How to Build a Company Culture of Collaboration

How to Build a Company Culture of Collaboration
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Why Build A Company Culture of Collaboration

A company culture of collaboration sounds nice, but what can it do for you and your business?  Here’s what change management consulting experts have to say:

The Problem
First, customers today expect to see a single face from companies.  Second, organizations are experiencing a greater level of strategic ambiguity and complexity than ever before. Business leaders say this means bigger goals and tighter budgets.  Lastly, employees tell us this means higher expectations, an increased pace of change, and the need to do more with less.

To make matters worse, many leadership teams do not truly think or act as a team with interdependent and common goals. Instead, each executive often runs their own fiefdom without much collective commitment to getting aligned around a coherent whole.  This silo-based mentality is often caused by an underlying lack of the clarity, trust, desire, or processes required to work effectively cross functionally.

A lack of collaboration typically shows up as highly fragmented and zealously guarded turf, processes, relationships, and information.   This creates functions and roles designed around parochial requirements and creates unwarranted duplication, complexity, and politics.

This Creates an Opportunity
We believe that this disconnect creates an opportunity for higher performance.  Recent research by Accenture found that de-siloed teams are 28% more likely to achieve high growth targets.  If you want to lift performance, fully align your leadership, their teams, and your culture with your strategy to collectively achieve more together.

An Aligned Culture
For many organizations, the key to thriving is to build a company culture of collaboration — a way of doing things where employees work collaboratively across boundaries.  This may mean significantly transforming the way you do business.  In order to drive cross-functional initiatives forward, you may need to establish a culture of collaboration that will be better aligned with your strategic priorities.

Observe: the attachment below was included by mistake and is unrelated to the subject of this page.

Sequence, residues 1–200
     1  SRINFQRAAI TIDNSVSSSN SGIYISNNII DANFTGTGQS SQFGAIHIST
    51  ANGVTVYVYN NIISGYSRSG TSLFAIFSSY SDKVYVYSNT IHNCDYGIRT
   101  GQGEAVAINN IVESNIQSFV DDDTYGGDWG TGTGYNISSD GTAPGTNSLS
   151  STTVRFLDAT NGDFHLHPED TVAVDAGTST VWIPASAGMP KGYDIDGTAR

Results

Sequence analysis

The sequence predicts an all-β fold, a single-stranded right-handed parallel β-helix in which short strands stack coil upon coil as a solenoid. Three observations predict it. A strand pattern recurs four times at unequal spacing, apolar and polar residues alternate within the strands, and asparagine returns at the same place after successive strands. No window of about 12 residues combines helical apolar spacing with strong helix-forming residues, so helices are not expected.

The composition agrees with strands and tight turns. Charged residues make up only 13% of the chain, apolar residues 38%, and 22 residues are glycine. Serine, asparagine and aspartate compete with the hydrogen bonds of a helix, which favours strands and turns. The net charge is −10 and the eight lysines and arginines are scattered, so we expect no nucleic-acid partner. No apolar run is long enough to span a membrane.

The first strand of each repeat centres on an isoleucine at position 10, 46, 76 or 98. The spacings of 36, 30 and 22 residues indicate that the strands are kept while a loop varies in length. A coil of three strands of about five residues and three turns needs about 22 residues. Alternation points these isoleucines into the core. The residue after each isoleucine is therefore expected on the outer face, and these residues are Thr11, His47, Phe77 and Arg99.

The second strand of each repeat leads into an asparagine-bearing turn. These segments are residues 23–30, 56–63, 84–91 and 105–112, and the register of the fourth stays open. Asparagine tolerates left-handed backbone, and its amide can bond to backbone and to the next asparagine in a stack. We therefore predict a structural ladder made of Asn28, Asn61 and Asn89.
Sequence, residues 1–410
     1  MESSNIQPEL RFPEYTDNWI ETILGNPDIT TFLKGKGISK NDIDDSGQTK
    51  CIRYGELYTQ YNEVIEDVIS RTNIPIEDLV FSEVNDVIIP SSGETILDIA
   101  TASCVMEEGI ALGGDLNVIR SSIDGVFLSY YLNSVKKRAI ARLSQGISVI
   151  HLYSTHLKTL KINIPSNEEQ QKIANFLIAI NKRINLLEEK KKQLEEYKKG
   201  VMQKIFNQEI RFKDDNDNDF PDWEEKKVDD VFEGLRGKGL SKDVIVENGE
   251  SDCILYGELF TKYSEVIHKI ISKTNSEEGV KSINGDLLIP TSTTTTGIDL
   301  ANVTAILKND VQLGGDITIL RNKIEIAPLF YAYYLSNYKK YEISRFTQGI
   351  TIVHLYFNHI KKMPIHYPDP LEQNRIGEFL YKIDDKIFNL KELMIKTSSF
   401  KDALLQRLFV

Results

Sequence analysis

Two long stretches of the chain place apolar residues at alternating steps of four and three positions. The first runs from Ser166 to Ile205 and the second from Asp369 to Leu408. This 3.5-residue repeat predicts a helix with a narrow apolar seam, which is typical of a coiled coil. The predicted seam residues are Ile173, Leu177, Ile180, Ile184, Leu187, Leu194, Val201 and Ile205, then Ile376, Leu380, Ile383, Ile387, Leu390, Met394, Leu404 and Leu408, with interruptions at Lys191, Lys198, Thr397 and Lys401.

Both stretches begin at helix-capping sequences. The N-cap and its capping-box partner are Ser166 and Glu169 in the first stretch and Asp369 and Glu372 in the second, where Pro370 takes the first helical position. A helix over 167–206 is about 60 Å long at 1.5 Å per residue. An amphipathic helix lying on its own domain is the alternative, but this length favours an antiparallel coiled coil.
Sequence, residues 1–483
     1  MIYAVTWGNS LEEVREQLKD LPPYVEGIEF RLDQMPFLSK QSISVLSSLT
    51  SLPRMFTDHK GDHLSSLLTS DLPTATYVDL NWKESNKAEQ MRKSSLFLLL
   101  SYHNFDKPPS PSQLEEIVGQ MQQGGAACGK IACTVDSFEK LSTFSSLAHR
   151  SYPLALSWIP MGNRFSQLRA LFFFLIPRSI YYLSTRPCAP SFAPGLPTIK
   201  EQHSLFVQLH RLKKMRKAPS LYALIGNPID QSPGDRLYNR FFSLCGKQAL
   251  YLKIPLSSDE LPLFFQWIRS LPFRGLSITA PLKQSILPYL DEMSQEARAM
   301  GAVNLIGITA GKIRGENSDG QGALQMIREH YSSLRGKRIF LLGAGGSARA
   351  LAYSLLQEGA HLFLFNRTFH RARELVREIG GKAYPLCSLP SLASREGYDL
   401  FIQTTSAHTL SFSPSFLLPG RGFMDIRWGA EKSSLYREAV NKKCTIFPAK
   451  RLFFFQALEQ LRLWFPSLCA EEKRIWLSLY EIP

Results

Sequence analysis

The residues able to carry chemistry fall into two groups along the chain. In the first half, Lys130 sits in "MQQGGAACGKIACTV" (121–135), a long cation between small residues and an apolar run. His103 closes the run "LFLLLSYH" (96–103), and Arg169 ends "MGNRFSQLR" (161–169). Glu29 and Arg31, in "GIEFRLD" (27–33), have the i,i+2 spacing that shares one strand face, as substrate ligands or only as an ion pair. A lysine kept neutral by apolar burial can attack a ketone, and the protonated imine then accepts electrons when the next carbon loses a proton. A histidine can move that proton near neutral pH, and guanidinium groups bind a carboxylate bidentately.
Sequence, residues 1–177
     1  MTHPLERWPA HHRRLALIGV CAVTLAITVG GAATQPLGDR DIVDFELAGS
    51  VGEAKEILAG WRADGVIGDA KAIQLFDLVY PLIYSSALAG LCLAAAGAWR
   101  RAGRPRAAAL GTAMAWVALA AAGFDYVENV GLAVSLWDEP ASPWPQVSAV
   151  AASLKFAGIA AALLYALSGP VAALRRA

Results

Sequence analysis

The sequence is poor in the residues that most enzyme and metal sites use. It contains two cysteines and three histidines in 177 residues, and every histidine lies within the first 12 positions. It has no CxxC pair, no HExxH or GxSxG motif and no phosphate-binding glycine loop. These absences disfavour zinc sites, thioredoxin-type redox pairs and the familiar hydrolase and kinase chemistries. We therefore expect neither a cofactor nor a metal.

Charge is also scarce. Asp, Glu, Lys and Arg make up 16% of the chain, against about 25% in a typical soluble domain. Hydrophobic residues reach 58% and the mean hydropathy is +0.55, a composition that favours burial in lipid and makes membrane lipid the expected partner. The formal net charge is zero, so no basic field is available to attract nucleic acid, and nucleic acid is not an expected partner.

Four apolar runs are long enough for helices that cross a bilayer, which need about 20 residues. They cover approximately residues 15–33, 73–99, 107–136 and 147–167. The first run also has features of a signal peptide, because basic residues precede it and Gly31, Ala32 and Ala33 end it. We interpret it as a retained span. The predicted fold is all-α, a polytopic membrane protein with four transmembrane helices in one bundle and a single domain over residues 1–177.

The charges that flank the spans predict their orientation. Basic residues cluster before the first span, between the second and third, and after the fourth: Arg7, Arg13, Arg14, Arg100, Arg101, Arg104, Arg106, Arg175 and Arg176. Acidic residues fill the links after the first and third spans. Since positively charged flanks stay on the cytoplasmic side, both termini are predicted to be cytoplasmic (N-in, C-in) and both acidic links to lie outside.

Why Cultural Alignment and Collaboration Matter

  • From a collaboration perspective, a recent study by at Babson College found that companies that promoted collaborative ways of working were 5 times more likely to be high performing.  Yet, research by DDI found that only 48% of employees work across organizational boundaries to accomplish goals.
  • From a cultural perspective, Harvard Business School found that an effective culture can account for up to half of the differential in performance between organizations in the same business.
  • Our own organizational alignment research found that workplace culture accounts for 40% of the difference between high and low performing companies in terms of revenue growth, profitability, customer retention, leadership effectiveness, and employee engagement.

Changing Culture is About Changing Minds
The process is not easy.  It requires clarity of purpose combined with high levels of alignment, patience and perseverance.  And it needs to start at the top.

  1. Engage Senior Leadership
    How willing are top leaders to address and believe in the need for change? How committed and capable are they to change their own behaviors, success metrics, and reward systems to support cross-functional collaboration?

    This is the first step to truly effecting real cultural change across the board by agreeing upon strategic priorities that require cross-functional collaboration to achieve.

  2. Develop the Rationale
    You’ll need to assess not only the readiness of leaders to invest in the change but also to make sure they understand the motivation, vision, scope, and purpose of the initiative.

    — What will it accomplish and how critical is it to the future success of the enterprise
    — What major change resistance are you likely to face and from whom?

    You will know you are on the right path when all key stakeholders agree with the current situation, the problem you are trying to solve, and the implications of both success and failure.

  3. Get Specific
    Now it’s time to examine more closely what it will take to actually effect the desired changes. Assess your corporate culture to identify the concrete first steps that you need to take on the path to success and answer key questions like;

    — How does a more collaborative culture play out day-to-day?
    — What specific behaviors will need to change? (e.g., advocacy vs. inquiry, authority vs. influence, vertical vs. lateral thinking, aligned vs. competing interests, independent vs. interdependent thinking)
    — What is the game plan for cascading the change throughout the organization?

  4. Actively Engage Others
    Once senior leaders have understood, accepted, adopted, and internalized the desired changes enough to be on the same page, it is time to actively involve and engage the rest of the workforce. As with engaging leadership, the process will first require willingness, readiness, understanding, and commitment.

The Bottom Line
Before undertaking the challenge of culture change, leaders must believe in its necessity, the difficulties involved and the vision of success.  You need to believe that a culture of collaboration is critical to driving their teams towards common strategic goals.

To learn more about how to build a company culture of collaboration, download Changing Corporate Culture: 4 Do’s and 3 Don’ts

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